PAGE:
By KRISHAN FRANCIS
COLOMBO, Sri Lanka (AP) — The leader of Sri Lanka’s main opposition party withdrew his candidacy for president on Tuesday, throwing his support to another contender as lawmakers prepared to choose a successor to the ousted leader who fled the country last week.
Sajith Premadasa, leader of the main opposition party, said he would back former government minister and spokesman Dallas Alahapperuma, who was nominated Tuesday by a breakaway faction of the ruling coalition.
“For the greater good of my country that I love and the people I cherish I hereby withdraw my candidacy for the position of president,” Premadasa said in a Twitter post.
He continued, “and our alliance and our opposition partners will work hard towards making @DullasOfficial victorious,” it said.
Marxist party leader Anura Dissanayake was also expected to contest Wednesday’s parliamentary vote.
Former President Gotabaya Rajapaksa’s ruling coalition is now fragmented, with other members backing Acting President and Prime Minister Ranil Wickremesinghe, a choice expected to incense critics of the government outraged by the country’s dire economic crisis.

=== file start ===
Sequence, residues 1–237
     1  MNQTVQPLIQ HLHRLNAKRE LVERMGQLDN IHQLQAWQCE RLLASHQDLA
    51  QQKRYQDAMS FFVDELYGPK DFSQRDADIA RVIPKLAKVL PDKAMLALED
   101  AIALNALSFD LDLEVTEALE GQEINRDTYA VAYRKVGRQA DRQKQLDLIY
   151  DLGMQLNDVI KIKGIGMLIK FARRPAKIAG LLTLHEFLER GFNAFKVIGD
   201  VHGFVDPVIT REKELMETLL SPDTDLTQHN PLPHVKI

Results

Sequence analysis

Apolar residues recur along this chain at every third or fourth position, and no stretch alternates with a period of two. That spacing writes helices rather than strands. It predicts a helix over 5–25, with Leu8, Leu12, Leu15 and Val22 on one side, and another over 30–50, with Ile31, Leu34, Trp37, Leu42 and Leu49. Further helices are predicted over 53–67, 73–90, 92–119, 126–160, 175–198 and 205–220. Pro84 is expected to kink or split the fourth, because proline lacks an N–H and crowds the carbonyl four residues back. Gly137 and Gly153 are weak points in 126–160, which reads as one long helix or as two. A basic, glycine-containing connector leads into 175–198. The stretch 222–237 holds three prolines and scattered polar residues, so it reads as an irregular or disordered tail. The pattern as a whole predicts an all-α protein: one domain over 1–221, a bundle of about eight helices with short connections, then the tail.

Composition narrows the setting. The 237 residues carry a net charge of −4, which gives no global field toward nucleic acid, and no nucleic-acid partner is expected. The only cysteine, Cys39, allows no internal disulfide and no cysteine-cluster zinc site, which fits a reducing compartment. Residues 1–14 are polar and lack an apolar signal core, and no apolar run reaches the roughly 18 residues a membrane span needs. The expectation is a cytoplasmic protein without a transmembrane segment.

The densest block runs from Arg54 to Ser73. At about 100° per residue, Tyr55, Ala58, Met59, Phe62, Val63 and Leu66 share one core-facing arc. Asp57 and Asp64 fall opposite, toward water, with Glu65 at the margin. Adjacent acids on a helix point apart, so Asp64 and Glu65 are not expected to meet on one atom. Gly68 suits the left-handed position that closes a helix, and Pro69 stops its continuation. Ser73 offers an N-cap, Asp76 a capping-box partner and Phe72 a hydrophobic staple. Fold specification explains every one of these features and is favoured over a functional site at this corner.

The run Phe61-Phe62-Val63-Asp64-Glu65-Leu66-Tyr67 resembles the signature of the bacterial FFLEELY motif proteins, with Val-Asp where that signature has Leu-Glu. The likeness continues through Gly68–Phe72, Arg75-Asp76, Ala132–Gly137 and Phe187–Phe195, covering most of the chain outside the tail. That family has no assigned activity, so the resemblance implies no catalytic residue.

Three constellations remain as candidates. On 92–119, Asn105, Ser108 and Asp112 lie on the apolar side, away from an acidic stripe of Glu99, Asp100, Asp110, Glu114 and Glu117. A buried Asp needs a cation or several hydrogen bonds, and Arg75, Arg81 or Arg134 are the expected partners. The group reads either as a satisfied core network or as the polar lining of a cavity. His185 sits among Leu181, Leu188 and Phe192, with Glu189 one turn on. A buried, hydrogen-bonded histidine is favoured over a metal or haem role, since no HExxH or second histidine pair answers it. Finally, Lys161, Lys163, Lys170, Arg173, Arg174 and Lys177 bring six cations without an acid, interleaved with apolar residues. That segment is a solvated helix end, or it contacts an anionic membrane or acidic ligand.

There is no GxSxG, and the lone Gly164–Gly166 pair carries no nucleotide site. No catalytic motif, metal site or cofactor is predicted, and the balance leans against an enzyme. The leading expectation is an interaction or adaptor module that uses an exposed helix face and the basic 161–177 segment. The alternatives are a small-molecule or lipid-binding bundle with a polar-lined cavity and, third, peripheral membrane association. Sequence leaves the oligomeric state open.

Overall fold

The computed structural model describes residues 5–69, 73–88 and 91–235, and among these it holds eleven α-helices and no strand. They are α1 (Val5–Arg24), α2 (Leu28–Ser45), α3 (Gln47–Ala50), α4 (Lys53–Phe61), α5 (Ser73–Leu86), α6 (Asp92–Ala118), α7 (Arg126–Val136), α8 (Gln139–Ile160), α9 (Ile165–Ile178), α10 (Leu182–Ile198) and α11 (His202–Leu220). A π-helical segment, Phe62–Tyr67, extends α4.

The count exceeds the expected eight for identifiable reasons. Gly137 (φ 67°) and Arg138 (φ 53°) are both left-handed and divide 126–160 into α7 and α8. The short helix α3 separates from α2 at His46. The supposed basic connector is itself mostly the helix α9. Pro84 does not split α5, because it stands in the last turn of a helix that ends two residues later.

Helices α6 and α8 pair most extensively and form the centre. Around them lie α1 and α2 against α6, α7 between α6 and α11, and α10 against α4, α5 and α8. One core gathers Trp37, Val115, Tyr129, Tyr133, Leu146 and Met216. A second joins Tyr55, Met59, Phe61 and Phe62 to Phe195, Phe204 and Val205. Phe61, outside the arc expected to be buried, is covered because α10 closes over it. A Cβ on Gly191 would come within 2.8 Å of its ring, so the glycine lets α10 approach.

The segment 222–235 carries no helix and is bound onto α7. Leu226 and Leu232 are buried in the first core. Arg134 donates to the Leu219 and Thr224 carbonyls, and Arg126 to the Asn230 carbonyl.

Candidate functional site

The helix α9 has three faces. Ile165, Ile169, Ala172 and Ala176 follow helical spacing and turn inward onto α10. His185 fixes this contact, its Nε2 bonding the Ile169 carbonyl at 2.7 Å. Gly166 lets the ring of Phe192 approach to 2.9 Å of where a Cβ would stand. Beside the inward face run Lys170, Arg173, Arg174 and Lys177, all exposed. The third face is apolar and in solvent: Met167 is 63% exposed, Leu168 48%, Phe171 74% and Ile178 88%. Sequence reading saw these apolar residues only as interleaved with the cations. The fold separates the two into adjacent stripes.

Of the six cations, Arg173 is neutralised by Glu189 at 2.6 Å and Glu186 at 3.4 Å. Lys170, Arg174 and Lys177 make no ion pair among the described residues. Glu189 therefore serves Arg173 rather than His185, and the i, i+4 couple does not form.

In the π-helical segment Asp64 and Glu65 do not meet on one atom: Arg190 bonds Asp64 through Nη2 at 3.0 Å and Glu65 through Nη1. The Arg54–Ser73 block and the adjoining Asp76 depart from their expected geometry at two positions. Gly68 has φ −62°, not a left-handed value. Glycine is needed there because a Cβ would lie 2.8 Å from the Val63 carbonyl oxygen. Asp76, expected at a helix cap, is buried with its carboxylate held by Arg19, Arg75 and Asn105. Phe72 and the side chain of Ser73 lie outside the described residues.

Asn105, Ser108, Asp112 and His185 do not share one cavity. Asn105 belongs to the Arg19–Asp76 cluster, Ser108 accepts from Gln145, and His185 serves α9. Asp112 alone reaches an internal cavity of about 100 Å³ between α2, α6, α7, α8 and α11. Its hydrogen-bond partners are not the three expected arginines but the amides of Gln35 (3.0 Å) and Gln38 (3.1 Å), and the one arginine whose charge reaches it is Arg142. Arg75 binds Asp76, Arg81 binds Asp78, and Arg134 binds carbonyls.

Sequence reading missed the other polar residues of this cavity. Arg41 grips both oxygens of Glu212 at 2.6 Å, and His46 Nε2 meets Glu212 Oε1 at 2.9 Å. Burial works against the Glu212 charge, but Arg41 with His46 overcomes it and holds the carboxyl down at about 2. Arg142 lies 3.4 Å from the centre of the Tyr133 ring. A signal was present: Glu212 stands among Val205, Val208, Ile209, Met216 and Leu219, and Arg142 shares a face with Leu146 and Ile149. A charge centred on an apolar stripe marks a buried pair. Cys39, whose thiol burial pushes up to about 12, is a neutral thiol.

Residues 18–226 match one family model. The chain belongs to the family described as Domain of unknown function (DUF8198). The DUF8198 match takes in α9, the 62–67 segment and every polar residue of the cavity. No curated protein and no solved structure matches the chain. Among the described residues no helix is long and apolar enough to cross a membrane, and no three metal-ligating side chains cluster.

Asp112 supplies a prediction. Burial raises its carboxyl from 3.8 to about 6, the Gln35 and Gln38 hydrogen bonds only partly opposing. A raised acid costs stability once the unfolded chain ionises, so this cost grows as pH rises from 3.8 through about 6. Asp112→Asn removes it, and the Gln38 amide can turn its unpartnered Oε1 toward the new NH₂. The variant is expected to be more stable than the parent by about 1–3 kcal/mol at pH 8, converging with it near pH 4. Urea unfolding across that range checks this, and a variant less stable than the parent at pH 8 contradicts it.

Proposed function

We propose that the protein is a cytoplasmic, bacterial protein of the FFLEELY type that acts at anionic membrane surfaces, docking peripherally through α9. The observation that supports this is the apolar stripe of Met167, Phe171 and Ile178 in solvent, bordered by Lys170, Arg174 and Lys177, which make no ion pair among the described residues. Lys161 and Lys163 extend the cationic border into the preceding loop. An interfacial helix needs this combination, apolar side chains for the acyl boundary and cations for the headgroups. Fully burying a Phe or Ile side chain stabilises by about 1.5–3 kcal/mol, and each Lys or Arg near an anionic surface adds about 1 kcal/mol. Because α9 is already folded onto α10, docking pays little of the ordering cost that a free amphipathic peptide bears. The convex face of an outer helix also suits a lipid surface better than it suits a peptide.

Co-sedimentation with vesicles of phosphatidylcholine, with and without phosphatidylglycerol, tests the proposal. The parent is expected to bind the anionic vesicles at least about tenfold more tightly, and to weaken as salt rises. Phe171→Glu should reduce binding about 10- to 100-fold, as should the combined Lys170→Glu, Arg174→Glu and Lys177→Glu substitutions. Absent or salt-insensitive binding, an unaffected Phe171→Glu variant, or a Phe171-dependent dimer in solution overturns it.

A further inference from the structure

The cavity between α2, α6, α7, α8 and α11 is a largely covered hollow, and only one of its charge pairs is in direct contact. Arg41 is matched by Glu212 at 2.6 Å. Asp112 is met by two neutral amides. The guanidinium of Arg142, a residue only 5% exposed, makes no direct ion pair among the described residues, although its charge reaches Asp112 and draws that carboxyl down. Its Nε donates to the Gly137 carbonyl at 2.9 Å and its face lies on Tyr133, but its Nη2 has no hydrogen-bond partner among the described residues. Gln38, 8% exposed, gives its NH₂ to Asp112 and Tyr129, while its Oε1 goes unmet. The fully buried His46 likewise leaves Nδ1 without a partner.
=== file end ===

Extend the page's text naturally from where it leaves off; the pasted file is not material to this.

Rajapaksa fled the country after protesters outraged by the crisis stormed his official residence and occupied other key public buildings. He later submitted his resignation via an email to the speaker of the parliament.
Wickremesinghe’s anticipated entry angered those who saw his possible election as an extension of the Rajapaksa rule and a potential comeback for the beleaguered political family.
Separately on Tuesday the Supreme Court was set to decide whether Wickremesinghe’s appointment as acting president last week by the speaker of the parliament was legal. If it is pronounced illegal, Wickremesinghe may become ineligible to run for president.
Students and political activists said they planned protests Tuesday. Some intimidating posts circulating on social media warned lawmakers against returning to their constituencies if they vote for Wickremesinghe.
Parliament was heavily guarded by hundreds of soldiers, its entry points barricaded. Staff at parliament and reporters were thoroughly searched before they were allowed to enter.
Sri Lanka’s economy has collapsed, its foreign exchange reserves depleted, and it has suspended repayment of foreign loans. Its population is struggling with shortages of essentials like medicine, fuel and food.
The government is in talks with the International Monetary Fund for a bailout package and is preparing a loan restructuring plan as a prelude to that.
Rajapaksa’s exit last week marked at least a temporary dismantling of the Rajapaksa dynasty that had ruled Sri Lanka for most part of the past two decades.
Before the recent upheavals, six family members held high positions including president, prime minister and finance minister. All have lost their positions after public protests started in late March.
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